Tuesday, April 10, 2007

critical missional issues in the emerging church

I am flying up to Auckland tomorrow to lecture a Masters intensive course titled Critical Missional issues: Emerging church. I am doing 3 days this week, and 4 days in October. (More info about the course is here.)

In the course I will be asking students to read the emerging church by analysing the everyday practices of local emerging church communities, rather than relying on the books and the blogs. I am then flagging what I think are some critical missional issues facing the emerging church.

Now, if you were teaching this course, what issues would you raise? What do you think are the critical missional issues facing the emerging church? (So as not to spoil your fun, I’ll wait until later in the week before telling you what I raised.)

Posted by steve at 06:54 PM


  1. Steve,

    I’d raise Avery Dulles three essential ingredients for a church to be a church and therefore missional people:

    1. Locality (geographic, social, local, etc)
    2. Relationality
    3. Permanence

    And because of the nature of the course you are teaching and the subjec matter I’d add one more?

    4. How is the ‘Homogeneous Unit Principal’ broken so as to maintain Kingdom authenticity?



    Comment by Andrew — April 10, 2007 @ 7:58 pm

  2. safe travels Steve
    and I look forward to reading your post about it all

    Comment by jen — April 10, 2007 @ 8:01 pm

  3. just found your blog a posts ago and have been enjoying it so far…have not been involved with the emerging church conversation long but would encourage people to talk about a few things:

    1) Outreach

    2)Humility with the scriptures[you may not know it all after all!]

    3) Agape Love

    4) community

    just a few anyway..

    Comment by jason77 — April 11, 2007 @ 3:10 am

  4. Kia ora Hipene,

    As I have been doing of late, I will come at it from an aboriginal/indigenous peoples perspective. How will non western, non white, non first world peoples be engaged in the emergent conversation ? New Zealand and Canada – where I’m living, are becoming increasingly more multi-cultural. Will their cultural perspective have a say as they emerge from their contexts and are confronted by post-modernity? Are we as people that have been raised in western society open to their cultural perspective on the gospel etc…. Do we think that they would have important things to say to us ?… Or do we think that our particular formation has more credence and they need to conform to us ?

    I’m aware of the dangers of syncretism – adopting ‘foreign’ philosophies, ideas, values and trying to make them ‘Christian’. For example : how Christians in the west or the first world have adopted democracy, consumerism, materialism, separatism, abuse of the environment etc. and basically made them ‘Christian’ Ideals, signs of Gods blessing. I’m talking more about contextualization – where the gospel is allowed to speak to a particular culture, permitted to be framed culturally, so that it is understood by those to whom it is speaking. Celtic Christianity is a great example of this – before it was reigned in and squelched by Rome.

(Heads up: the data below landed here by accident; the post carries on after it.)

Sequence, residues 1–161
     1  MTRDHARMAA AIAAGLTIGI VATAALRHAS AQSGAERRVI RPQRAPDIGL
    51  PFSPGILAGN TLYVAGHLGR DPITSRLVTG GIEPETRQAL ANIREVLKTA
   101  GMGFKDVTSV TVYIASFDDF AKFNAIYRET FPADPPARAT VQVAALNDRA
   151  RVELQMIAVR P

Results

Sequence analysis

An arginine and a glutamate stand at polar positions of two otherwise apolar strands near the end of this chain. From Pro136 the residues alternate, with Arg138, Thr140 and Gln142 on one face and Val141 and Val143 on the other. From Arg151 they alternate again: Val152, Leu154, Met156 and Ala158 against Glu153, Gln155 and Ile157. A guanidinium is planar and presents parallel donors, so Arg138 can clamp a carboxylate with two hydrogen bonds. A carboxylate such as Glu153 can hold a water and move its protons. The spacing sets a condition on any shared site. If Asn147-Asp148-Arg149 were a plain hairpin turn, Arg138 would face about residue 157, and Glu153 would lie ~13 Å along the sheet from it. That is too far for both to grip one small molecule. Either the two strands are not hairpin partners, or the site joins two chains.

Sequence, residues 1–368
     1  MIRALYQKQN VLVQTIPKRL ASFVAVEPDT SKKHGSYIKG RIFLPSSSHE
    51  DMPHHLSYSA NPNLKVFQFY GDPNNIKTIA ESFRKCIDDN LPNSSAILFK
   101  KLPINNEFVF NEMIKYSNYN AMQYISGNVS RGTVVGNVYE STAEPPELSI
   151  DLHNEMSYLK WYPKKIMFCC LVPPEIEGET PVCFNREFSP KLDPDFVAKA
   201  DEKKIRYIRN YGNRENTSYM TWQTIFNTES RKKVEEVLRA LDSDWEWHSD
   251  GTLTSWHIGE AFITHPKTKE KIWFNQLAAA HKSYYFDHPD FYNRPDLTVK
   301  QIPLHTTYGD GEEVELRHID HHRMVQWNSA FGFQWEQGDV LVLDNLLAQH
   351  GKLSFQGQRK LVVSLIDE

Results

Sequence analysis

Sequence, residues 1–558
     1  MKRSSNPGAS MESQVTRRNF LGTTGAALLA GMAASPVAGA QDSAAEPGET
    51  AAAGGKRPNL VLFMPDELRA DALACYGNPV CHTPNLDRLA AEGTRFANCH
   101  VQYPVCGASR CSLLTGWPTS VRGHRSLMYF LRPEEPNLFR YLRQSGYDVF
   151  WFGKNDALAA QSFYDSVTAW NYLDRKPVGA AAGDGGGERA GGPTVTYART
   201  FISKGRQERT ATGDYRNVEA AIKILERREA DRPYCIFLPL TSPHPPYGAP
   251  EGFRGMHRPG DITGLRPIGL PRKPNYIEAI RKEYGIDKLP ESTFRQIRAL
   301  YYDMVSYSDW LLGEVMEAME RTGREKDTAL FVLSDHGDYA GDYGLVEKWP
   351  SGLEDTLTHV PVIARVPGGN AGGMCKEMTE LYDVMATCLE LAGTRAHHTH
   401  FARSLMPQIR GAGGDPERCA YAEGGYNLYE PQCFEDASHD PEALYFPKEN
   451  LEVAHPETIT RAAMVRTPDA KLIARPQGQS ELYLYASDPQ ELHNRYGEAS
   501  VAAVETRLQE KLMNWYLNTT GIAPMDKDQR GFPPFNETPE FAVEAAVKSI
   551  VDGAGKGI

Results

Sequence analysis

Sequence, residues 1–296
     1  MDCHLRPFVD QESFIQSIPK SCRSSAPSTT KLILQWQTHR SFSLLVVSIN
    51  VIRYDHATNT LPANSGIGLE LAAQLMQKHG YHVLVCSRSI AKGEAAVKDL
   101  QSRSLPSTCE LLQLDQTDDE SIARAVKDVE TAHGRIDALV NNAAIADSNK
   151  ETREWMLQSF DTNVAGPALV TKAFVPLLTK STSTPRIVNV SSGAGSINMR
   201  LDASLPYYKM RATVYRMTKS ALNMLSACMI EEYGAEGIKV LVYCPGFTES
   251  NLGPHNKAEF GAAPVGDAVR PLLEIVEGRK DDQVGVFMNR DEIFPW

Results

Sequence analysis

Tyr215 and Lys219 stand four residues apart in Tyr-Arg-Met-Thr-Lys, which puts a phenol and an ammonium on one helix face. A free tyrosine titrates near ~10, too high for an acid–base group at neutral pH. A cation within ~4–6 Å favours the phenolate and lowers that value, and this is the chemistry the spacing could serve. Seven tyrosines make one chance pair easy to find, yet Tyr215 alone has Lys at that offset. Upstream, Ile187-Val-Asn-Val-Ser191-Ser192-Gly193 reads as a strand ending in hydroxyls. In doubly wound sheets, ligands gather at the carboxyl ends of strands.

If Christ is allowed to be conceived in another culture, grow in the womb of another culture, once birthed, would we be open to hear from that unique perspective ? Who knows, maybe our blind spots might be revealed from a different perspective. I think these are important missional questions.

    Comment by Tangira — April 11, 2007 @ 5:19 pm

  5. What an intelligent comment that last one was. I agree thoroughly.

    My suggestion would be, how does the emergent church encourage emergent expressions cross culturally? We are generally a culturally homogenous group.

    My second point, related to that is how does the emergent church relate to and work with other forms of church? New, and established.

    These are pretty plain points, cant wait to see what pearls you actually do bring out.

    Comment by Rhymin Simon — April 11, 2007 @ 8:14 pm

  6. Hey Steve, on a separate topic, just wanted to mention that I used your tile painting along with moby idea, and it was a fantastic experience for everyone.


    Comment by Lon — April 12, 2007 @ 3:23 am

  7. I think what it means, in ideal and in practice, to be community is critical in this age of individualism. Any missionality that flows out of that individualism will inevitably be limited. The tension of being community within being insular is significant.

    Another critical issue is how we relate to the established church, both directly and in respect to how we publicly speak of them.

    Look forward to hearing what you have to say.


    Comment by Jamie Arpin-Ricci — April 12, 2007 @ 4:23 am

  8. Attempting to live out the “vital” inter-connection we have with one another (to use one of Paul’s metaphors). That is, how is an initial “we” established and what are the ramifications of someone belonging (who conforms to whom, for example). Generally, I’d encourage the “raising of the issue” of community, especially a local community.


    [Can’t wait for the next episode!]

    Comment by David Malouf — April 12, 2007 @ 6:30 am

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